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From "Adam Winer" <awi...@gmail.com>
Subject Re: [PORTAL] Changes and API review?
Date Wed, 20 Dec 2006 01:28:21 GMT
Scott,

You're explaining very well why you want to put this in IMPL.
And why you need a different instance that handles this on
behalf of all other configurators.  You're not yet explaining
why you need a whole class to accomplish this, as opposed
to a standard decorator or CoR pattern, etc.  I just don't get it.
This one global instance is going to load all other instances,
and invoke all other instances.  NO ONE needs to cast to it -
it is all powerful since it is the first (and only) entry point,
and it can decide whether all the others will run or not.

(And "dog slow"?  C'mon, you're exaggerating.  Hugely.
And describing one potential implementation of one
potential design.)

Yes, I do fight against adding extra code to our
API.  For good reason, ya know!  Less public API is
good.  And, it really worries me when I see a design
that is unlike all the other designs I've seen for this
sort of pattern.  I immediately get a gut feeling that
it's not really necessary.

-- Adam


On 12/19/06, Scott O'Bryan <darkarena@gmail.com> wrote:
> It's API bloat and I'm also going to have to store some extra privates
> on some of these classes as well as expose some additional api's to
> support this.  I ran into another issue with not implementing the Global
> configurator.  Take a look at this code.
>
> When used inside of GlobalConfiguratorImpl, the code looks something
> like this:
>
>   public void disableConfiguratorServices(final ServletRequest request)
>   {
>     if(Boolean.TRUE.equals(request.getAttribute(_IN_REQUEST)))
>     {
>         throw new IllegalStateException("Request is already begun.");
>     }
>
>     request.setAttribute(_IN_REQUEST, _DISABLED);
>   }
>
> Now all the IN_REQUEST stuff is basically there to handle proper cleanup
> and some API enforcement when calling into the GlobalConfigurator's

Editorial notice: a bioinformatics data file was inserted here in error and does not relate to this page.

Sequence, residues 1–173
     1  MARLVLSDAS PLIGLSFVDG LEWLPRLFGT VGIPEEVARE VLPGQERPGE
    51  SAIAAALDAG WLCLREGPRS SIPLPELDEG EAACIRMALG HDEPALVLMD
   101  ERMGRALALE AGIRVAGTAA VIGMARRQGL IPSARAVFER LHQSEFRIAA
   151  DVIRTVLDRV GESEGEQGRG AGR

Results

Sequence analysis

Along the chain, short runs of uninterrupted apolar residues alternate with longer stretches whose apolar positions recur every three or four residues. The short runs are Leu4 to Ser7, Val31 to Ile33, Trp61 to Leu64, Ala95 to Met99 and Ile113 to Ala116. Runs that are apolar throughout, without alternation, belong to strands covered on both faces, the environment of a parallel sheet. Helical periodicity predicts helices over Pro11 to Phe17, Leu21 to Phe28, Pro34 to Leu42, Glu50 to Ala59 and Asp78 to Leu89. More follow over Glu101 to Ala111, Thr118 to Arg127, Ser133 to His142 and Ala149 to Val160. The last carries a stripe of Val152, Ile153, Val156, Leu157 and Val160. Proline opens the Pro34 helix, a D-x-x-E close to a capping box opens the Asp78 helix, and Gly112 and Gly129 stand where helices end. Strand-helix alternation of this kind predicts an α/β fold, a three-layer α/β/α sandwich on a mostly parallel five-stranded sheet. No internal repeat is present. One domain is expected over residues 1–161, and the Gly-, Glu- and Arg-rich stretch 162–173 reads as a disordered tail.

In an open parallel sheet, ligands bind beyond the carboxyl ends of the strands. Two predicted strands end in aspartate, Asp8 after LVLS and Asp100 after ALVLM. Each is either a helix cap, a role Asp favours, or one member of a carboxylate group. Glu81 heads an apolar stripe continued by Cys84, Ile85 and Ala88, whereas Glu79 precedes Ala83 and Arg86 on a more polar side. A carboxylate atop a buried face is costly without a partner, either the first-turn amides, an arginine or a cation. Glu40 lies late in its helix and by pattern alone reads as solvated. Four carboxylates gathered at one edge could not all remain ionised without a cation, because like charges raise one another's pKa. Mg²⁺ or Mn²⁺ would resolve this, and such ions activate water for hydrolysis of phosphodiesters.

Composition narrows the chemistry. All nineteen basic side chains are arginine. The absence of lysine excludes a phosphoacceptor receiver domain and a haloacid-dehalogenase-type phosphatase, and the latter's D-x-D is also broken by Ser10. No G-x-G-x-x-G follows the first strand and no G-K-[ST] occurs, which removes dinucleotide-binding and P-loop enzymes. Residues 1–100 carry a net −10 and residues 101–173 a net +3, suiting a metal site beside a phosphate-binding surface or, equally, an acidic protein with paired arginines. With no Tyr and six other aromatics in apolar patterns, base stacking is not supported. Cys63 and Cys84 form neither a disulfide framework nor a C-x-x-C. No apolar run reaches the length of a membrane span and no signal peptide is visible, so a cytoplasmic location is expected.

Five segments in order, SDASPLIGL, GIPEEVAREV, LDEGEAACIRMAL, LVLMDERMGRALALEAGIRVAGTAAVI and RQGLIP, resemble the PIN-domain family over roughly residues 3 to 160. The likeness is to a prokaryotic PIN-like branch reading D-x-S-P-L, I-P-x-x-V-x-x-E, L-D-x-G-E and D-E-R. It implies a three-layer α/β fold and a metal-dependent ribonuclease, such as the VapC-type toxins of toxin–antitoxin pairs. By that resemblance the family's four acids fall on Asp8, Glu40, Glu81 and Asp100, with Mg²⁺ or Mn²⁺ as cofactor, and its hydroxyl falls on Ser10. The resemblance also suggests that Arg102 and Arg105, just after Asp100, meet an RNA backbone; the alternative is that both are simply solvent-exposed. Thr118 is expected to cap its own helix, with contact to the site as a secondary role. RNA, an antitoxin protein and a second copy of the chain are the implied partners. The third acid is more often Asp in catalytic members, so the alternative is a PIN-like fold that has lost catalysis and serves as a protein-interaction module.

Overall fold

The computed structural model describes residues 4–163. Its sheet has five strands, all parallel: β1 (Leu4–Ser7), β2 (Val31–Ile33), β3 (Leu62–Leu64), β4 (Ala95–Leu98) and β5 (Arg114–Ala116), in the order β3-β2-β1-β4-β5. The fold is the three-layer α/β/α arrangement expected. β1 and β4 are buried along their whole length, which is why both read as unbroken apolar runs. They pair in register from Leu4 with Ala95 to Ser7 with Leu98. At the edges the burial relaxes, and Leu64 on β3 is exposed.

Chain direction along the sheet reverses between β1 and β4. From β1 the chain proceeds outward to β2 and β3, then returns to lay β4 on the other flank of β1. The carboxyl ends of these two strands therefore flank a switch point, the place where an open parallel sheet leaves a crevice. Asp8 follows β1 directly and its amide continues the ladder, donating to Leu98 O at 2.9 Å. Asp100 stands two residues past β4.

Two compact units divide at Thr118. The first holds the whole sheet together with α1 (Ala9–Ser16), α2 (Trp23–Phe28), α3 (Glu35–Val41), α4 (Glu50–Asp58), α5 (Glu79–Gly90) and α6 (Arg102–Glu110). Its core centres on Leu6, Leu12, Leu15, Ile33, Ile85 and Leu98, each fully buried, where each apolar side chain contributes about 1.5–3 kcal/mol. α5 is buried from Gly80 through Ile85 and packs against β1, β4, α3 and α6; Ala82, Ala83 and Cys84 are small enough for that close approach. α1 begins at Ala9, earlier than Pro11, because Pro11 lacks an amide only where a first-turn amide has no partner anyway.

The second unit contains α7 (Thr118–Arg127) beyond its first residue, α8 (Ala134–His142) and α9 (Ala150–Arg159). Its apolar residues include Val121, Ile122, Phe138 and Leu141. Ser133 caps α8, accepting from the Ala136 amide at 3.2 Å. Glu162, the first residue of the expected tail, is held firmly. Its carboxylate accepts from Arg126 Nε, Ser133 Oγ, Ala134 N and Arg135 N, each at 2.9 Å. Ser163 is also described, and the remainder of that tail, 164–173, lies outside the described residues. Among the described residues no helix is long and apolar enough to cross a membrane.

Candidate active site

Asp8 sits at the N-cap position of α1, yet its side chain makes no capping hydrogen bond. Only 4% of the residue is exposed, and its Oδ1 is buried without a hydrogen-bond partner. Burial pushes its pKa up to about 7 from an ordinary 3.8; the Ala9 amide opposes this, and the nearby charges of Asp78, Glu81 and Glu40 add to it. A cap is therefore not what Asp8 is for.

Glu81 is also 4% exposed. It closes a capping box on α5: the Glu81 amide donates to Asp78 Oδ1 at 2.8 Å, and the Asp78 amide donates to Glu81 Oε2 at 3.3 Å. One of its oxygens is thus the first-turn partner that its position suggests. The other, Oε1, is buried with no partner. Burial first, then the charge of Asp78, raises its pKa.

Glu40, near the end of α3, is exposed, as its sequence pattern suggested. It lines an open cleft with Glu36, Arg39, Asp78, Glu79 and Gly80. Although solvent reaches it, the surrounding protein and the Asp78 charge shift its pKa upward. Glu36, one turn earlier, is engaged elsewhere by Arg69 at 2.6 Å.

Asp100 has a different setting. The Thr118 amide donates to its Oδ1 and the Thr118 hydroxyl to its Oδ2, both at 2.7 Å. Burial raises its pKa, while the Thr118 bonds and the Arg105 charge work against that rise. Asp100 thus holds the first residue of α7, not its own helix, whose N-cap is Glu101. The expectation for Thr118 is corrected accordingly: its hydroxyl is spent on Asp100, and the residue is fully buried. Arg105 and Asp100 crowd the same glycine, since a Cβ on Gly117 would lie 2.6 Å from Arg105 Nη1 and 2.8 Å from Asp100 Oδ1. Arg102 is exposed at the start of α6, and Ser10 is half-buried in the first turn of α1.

> getExternalContext method.  It is only exposed through the
> GlobalConfiguratorImpl.  There is no reason for anyone to know about it
> outside of the impl package and even then in only a few locations.
> Really though, people should keep their hands off of this.  If I have on
> the normal configurator a getGlobalConfigurator method which returns a
> configurator, I have to go though much hokeyness in order to tell
> whether I'm in a request or not.  Because API cannot depend on classes
> in Impl, I'll need to use reflection to get at the private methods
> unless I want to expose this as an API on the configurator in general
> and I don't think we want to do that.
>
> We can also just skip the validity checking and modify the attribute,
> but I would think that if someone is trying to disable the Configurator
> and the response has already begun, then they should be notified as soon
> as possible before hokey little errors creep up.  There is much in the
> impl package that depends on the instance of the GlobalConfiguratorImpl
> and it's silly in my opinion to have to cast it every time we need to
> use an arbitrary function.  And when we need functionality from this guy
> in the API package (like with the ResourceServlets) the implementation
> begins to look REAL ugly.
>
> So my question is why should we have to go through all this reflection
> and casting, making this system dog slow, rather then supporting the
> proper API's.  The amount of work I've had to put in simply to code
> "around" these issues is amazing.  And I still havn't heard any
> compelling reason why THIS implementation is not good.
>
> Scott
>
> Adam Winer wrote:
> > Well, in this specific instance, it therefore doesn't "bloat" every
> > configurator, since it only appears in one location.
> >
> > -- Adam
>
>

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